UBC Theses and Dissertations

UBC Theses Logo

UBC Theses and Dissertations

Turning exercise into medicine : exploring the feasibility of a 3 step physician workshop to promote the physical activity prescription behaviours of family physicians Windt, Johann Dirk


Objective: To investigate the feasibility of an educational workshop with the provision of practical tools to change the proportion of family physicians in our sample who provided their patients with written physical activity prescriptions. Design: A pre-post study. Setting: Abbotsford and Mission, British Columbia. Participants: 25 family physicians registered with the Abbotsford or Mission Divisions of Family Practice. Intervention: A three-hour educational workshop for family physicians combined with practical tools to facilitate physical activity prescription. The educational content of the workshop included 1) assessing patients’ physical activity levels, 2) using motivational interviewing techniques to encourage physical activity, and 3) providing written physical activity prescriptions when appropriate. Tools to facilitate physician behaviour changes included a 1) ‘physical activity vital sign’, a measure of patient self-reported physical activity, and 2) copies of the “Exercise Prescription and Referral Tool” designed by the Exercise is Medicine Canadian Taskforce, a written prescription pad for physicians to provide physical activity prescriptions to their patients. Participating physicians completed a bespoke questionnaire before and four weeks after their attendance at the workshop. Outcome Measures: The feasibility of the intervention was ascertained by assessing changes in the proportion of family physicians who reported providing written physical activity prescriptions at four week follow up, compared to baseline. Exploratory outcomes included changes in physicians’: 1) other physical activity prescription behaviours, 2) the perceived importance of various barriers to physical activity prescription, 3) knowledge and confidence regarding physical activity prescription, 4) knowledge of the Canadian Physical Activity Guidelines and 5) self-reported physical activity levels. McNemar’s test evaluated changes in proportions before and after the workshop, while Wilcoxon signed-rank tests evaluated changes in Likert data. Results: Twenty five family physicians completed the baseline questionnaire and attended the workshop, with 100% follow up response rate. The proportion of family physicians who reported providing written physical activity prescriptions in their clinical practice increased from 10 (40%) at baseline to 17 (68%) four weeks after the intervention. Conclusion: Educational workshops combined with practical tools appear to be a feasible method to encourage the use of written physical activity prescriptions among family physicians in this setting.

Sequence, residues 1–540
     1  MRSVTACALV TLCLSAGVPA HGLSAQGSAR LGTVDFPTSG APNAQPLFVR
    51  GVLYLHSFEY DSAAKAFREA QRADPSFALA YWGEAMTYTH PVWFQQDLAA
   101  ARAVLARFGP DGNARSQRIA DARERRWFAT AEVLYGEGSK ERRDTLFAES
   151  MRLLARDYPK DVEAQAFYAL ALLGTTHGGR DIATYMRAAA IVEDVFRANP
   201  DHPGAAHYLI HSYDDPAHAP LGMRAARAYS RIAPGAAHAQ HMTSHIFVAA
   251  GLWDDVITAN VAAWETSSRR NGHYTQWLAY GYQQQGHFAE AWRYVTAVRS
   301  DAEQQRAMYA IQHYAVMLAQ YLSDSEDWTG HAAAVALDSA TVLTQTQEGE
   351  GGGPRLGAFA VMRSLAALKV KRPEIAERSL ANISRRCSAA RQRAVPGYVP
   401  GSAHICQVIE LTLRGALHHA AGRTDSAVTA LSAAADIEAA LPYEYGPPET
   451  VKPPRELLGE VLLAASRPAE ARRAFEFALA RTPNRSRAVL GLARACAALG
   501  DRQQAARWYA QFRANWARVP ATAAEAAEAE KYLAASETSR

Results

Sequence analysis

Item Citations and Data


Attribution-NonCommercial-NoDerivs 2.5 Canada